We have no interest in acquiring all good partners. Despite irresponsible speculation in the media (in turn based on uninformed guesses) that we were looking at Vend – our partner of the year last year and an exciting company – our strategy is to be a horizontal accounting engine. Investing directly in verticals has never been part of our strategy and doesn’t make sense.

Something we are looking at though is: do our top partners have the resources to keep up? We’re investigating ways we can help them get funded so they can invest along side us. We’re very aware that investors in smaller private companies will be different from those that invest in Xero as a public company but we’re thinking through ideas there now.

Alex Webster
July 23, 2012 at 9.37 pm

An analogous industry springs to mind – pharmaceuticals. Despite the moniker, ‘big pharma’ firms do not have the resources (nor necessarily the inclination) to develop hundreds of new drugs simultaneously, so they fund research in fertile areas and acquire promising bio-tech companies that emerge from this pluralistic munificence.

Companies like @MailChimp and @BigCommerce have, similarly, launched ‘integration funds’ to stimulate the development of a broad ecosystem – and MailChimp has already acquired some of those early adopters.

Of course, the problem with a pluralistic approach is that you end up funding a lot of losers before the winners emerge, but at least the investment in each is small and – as Rod observes – the mere existence of a healthy ecosystem gives Xero a competitive advantage.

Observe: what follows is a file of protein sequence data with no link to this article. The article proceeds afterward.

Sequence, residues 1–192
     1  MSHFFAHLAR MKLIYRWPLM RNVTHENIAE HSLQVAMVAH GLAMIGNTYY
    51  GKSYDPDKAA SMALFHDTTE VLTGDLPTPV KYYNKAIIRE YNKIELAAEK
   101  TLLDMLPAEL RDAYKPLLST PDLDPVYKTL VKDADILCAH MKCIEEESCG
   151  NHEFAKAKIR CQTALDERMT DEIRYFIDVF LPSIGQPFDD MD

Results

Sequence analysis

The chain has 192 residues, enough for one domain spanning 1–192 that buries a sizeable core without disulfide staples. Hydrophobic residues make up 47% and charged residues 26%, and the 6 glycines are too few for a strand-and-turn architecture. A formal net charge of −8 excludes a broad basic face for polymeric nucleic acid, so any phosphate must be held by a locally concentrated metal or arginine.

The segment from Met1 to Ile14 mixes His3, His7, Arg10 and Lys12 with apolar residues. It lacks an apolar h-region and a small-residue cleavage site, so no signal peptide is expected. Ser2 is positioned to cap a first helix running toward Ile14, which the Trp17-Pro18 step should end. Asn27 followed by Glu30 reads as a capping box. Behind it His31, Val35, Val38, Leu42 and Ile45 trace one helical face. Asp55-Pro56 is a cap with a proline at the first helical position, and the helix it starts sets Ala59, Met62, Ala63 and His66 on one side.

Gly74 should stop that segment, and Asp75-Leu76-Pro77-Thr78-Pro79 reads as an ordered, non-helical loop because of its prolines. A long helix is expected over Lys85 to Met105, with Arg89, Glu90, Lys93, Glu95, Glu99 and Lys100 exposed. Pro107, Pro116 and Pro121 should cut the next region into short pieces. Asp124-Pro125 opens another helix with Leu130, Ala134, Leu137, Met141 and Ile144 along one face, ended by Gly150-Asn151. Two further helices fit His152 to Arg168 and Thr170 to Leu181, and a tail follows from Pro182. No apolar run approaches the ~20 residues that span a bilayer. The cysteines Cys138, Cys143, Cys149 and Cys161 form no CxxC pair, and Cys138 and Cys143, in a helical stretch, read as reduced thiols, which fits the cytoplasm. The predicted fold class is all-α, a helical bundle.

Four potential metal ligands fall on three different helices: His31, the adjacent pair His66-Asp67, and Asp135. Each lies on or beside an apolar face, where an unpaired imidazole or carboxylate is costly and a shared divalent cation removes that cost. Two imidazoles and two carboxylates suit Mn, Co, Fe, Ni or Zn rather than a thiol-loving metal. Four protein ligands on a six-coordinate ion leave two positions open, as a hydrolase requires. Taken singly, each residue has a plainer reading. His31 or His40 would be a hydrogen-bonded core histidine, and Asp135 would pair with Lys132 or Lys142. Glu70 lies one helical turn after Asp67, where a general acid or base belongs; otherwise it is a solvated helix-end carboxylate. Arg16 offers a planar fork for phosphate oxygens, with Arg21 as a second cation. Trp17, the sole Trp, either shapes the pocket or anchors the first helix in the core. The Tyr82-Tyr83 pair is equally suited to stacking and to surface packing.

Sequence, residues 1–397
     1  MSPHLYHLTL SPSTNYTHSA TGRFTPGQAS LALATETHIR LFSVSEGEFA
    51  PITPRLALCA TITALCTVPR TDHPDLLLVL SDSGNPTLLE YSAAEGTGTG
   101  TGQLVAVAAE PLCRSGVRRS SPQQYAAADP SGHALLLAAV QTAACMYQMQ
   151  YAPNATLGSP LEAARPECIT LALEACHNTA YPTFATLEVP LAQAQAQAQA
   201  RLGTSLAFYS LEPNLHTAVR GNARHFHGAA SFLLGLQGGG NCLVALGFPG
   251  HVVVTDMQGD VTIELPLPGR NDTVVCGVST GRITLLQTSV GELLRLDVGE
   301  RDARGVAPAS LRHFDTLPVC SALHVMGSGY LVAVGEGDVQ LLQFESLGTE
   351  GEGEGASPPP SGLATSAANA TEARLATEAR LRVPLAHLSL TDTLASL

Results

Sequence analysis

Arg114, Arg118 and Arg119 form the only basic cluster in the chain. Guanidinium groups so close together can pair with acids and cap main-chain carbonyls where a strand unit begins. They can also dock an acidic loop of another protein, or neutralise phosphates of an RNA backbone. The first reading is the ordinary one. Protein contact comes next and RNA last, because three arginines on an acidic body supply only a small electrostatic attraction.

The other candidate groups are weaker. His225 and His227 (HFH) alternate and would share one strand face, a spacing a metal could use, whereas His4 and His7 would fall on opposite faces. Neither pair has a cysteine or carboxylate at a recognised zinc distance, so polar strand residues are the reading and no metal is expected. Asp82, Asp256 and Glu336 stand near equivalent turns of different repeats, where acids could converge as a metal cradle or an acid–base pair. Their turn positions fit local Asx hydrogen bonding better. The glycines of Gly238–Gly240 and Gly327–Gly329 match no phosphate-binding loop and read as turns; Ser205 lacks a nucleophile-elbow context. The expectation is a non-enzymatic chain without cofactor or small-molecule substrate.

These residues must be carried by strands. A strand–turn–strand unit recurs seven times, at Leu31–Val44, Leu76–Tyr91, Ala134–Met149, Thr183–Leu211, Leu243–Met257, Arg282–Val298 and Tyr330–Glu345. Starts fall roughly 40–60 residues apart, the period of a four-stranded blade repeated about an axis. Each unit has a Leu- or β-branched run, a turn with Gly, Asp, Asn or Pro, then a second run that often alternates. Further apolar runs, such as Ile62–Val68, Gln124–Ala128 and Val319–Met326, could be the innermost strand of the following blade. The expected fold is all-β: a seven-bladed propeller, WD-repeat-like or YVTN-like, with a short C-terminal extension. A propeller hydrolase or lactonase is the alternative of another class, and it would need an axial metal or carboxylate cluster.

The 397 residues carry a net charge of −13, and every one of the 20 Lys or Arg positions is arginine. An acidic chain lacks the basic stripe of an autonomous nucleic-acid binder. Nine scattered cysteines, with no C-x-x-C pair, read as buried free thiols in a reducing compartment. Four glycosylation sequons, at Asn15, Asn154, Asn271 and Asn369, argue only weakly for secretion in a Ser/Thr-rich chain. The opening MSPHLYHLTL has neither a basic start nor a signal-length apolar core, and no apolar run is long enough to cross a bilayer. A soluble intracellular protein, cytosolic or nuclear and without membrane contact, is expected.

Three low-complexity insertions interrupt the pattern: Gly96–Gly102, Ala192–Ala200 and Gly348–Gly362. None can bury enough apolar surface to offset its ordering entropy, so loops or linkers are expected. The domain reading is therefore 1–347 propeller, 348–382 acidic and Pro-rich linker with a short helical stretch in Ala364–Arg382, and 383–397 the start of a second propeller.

Lest anyone accuse me of holding out my hat, well, OK, starting-up is hard! However, even without any prospect of financial assistance we have been keen from the outset to catch a ride in Xero’s slipstream because it is evident that this is a company that is going places.

John (Yianni) Serpanos
July 24, 2012 at 7.02 pm

It used to be called Systems Integration, a realm occupied predominantly by qualified ICT guys…now it should be called Cloud Integration and with the proliferation in API’s the skills required are less technical and more commercial. What Xero has achieved is spawning a new world industry whereby the Advisory profession now has leadership in how to monetise bread and butter advisory services into recurring revenue terms show’s that it’s not about the software so much, it’s about helping people achieve their own goals.
Combining software, culture and partnership is a winning formula. At http://www.intracore.com.au we’re helping the Advisors become the Cloud Integration change agent within their Health Professional client base which in effect is a “modern practice” idea now passed onto their clients. Looking forward to many more XeroCon’s and go Cloud!

Luke Rooney
July 24, 2012 at 7.03 pm

As a small business owner who has used many CRM add-ons, I notice that the xero CONTACTS section has been kept basic to date